Search the CAS Lexicon to find concepts and substances to build a Reference Search. So if you, like me, can't spell very well or forget what PFAFS stands for, you can find it in the Lexicon, as well as additional, similar concepts and terms.
From within SciFinder, you will see a "Launch CAS Lexicon" button that will take you to the Lexicon search page.
Finding the Full-Text
Once you have a completed a SciFinder search and have a list of articles you want, you can find the full text by clicking on the "full text" button (lower left of each article).
You will see 3 choices:
Find It leads you to "in-house" full text available through BSU's Albertsons Library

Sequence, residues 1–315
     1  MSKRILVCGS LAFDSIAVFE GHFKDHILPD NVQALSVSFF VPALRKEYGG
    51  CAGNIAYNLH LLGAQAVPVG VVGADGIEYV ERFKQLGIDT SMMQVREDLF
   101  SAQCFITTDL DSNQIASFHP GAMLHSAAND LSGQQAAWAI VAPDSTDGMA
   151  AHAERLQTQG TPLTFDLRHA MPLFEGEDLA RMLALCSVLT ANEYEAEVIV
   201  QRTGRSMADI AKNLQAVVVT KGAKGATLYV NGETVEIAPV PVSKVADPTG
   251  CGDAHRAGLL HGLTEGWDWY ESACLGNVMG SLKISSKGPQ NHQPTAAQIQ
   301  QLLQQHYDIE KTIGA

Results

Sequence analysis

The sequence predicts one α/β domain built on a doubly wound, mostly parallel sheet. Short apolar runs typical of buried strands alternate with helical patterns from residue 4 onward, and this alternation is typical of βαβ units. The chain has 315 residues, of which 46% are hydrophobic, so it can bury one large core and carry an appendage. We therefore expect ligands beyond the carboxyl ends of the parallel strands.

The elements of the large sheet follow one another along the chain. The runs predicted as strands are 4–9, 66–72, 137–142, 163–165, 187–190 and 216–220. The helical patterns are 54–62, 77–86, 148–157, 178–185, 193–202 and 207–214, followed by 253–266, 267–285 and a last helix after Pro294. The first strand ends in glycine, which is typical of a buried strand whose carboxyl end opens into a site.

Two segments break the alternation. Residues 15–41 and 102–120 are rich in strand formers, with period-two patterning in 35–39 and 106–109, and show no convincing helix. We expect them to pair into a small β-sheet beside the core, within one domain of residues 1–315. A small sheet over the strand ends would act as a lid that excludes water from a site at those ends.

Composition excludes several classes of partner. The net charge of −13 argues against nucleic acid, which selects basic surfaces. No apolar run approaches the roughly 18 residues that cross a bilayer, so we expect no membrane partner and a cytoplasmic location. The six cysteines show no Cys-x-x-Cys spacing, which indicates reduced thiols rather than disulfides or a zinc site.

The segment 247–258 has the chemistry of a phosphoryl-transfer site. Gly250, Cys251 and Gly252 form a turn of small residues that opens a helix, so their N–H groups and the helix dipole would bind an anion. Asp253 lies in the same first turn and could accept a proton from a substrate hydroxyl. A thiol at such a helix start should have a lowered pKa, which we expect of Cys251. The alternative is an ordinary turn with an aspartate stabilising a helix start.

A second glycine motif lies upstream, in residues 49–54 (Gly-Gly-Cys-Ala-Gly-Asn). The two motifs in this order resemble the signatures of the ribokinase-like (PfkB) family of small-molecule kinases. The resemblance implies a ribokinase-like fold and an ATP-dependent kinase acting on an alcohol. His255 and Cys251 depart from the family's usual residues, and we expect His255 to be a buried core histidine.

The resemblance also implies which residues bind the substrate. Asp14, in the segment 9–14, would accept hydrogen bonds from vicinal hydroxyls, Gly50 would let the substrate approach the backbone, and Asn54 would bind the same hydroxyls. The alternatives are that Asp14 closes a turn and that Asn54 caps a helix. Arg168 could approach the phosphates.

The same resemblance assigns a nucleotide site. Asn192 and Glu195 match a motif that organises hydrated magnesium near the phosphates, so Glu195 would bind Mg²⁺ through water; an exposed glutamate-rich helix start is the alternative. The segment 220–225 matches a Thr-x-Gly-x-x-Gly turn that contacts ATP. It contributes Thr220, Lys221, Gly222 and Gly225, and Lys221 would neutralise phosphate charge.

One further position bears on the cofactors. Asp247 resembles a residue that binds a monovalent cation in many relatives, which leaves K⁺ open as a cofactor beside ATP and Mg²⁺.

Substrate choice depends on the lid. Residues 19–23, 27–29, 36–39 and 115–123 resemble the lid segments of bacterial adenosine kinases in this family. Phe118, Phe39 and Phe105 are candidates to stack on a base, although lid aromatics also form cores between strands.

DOI means "Digital Object Identifier", and will lead you to Full Text openly available on the Internet, also called "Open Access"
View All Sources will take you to a page that lists gives you choices for how you access the full article
If you find a great article that is exactly what you need, take a look at the references cited in each article. If the article has been cited, look at the articles that cite it. This is an excellent way to expand your search and make sure you've found all the critical articles in your research area. SciFinder has 2 features that help you do this.The Citation Mapping feature in SciFinder allows you to search backward into the articles authors used to write an article, and forward in time to those who cited the authors' article.